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Conceived and Born After The Death of a Parent: Posthumous Reproduction

A “posthumous birth” is the birth of a child after the death of a biological parent. Posthumous births have occurred since antiquity, often when a male partner died from illness, accident or at war after conception and pregnancy had been achieved but before the birth occurred. “Posthumous reproduction”, on the other hand, is a distinctly modern phenomenon. Posthumous reproduction is the intentional application of advanced medical technology to achieve conception, pregnancy, and childbirth in a situation where one or both biological parents are deceased.

This article addresses the posthumous use and retrieval of reproductive material as well as the inheritance rights of a posthumous child. Family and Fertility Law lawyer Megan Strachan advises those who wish to plan for such a scenario to consult a lawyer early to ensure that, if a situation of posthumous conception were to arise, the process goes smoothly and the involved parties’ wishes are respected, even after death. Intended parents should also consult a wills and estates lawyer to ensure that there are no unexpected implications with respect to a posthumous child’s entitlement to an inheritance.

Posthumous Use and Retrieval of Reproductive Material

There are many reasons why a couple may want to consider posthumous reproduction, such as when one partner is ill and undergoing radiation or chemotherapy for cancer, where one partner may be likely to inherit a genetic disorder or to simply have a plan in case of an accident causing untimely death.

However, in Canada, removing sperm or eggs from the body of a deceased person in order to create an embryo is illegal without prior written and informed consent pursuant to according to the Assisted Human Reproduction (Section 8 Consent) Regulations (the “AHRA Regulations”).[1]

The British Columbia Court of Appeal in LT v DT Estate,[2] recently considered the issue of posthumous retrieval of reproductive material. In this case, Mr. T died suddenly and unexpectedly, and without written consent to posthumous removal of his reproductive material for the purpose of creating an embryo. Mr. T’s wife contacted a fertility clinic about retrieving Mr. T’s sperm for further reproductive use and was informed that this type of retrieval should occur within 36 hours of death and that a court order was required.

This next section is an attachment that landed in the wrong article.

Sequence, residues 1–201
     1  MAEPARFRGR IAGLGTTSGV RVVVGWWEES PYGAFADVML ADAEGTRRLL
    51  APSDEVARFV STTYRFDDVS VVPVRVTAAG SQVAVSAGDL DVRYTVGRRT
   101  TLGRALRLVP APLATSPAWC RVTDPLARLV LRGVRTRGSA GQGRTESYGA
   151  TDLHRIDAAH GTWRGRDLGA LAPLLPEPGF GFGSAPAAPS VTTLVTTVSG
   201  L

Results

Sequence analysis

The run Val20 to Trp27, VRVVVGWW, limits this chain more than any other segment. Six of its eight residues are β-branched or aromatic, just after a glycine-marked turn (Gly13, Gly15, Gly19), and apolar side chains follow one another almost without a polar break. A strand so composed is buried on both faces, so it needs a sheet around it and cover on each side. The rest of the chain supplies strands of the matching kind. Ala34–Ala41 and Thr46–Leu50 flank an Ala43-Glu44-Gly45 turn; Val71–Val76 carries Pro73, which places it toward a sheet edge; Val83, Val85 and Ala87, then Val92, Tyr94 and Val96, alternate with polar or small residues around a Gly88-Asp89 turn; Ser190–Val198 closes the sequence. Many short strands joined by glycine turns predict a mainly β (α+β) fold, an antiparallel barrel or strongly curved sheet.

As a result, Ms. T brought an urgent after-hours application seeking a court order allowing human reproductive material to be removed from his body after death. Ms. T argued that the law had a gap that overlooked her specific situation – one in which the widow of a young man would have wanted her to have his child and would have consented to the use of his genetic material for that purpose, but died without making his wishes known in writing.

Recognizing that it was a last minute urgent application, the trial judge determined that an order maintaining the status quo was required to allow Ms. T. the opportunity to provide submissions at a full hearing. The trial judge authorized the collection of Mr. T’s reproductive material with the condition that such material not be released, distributed or used until the court could consider the matter further.[3]  

Ultimately, the British Columbia Court of Appeal prohibited the posthumous use of Mr. T’s body genetic material. The court was sympathetic to the fact that the deceased Mr. T wished to have more children prior to his death, and acknowledged the painful and tragic circumstances confronting the wife. However, the court held that the law clearly prohibited the use of his reproductive material without prior informed written consent. Consent could not be inferred from prior statements of the deceased on the general topic of having more children. Pursuant to s. 7 of the AHRA Regulations, the consent needed to be a document signed by the donor stating that, before consenting to the removal, the donor was informed in writing that the human reproductive material will be removed in accordance with the donor’s consent to create an embryo for the reproductive use of the person who is, at the time of the donor’s death, the donor’s spouse or common-law partner.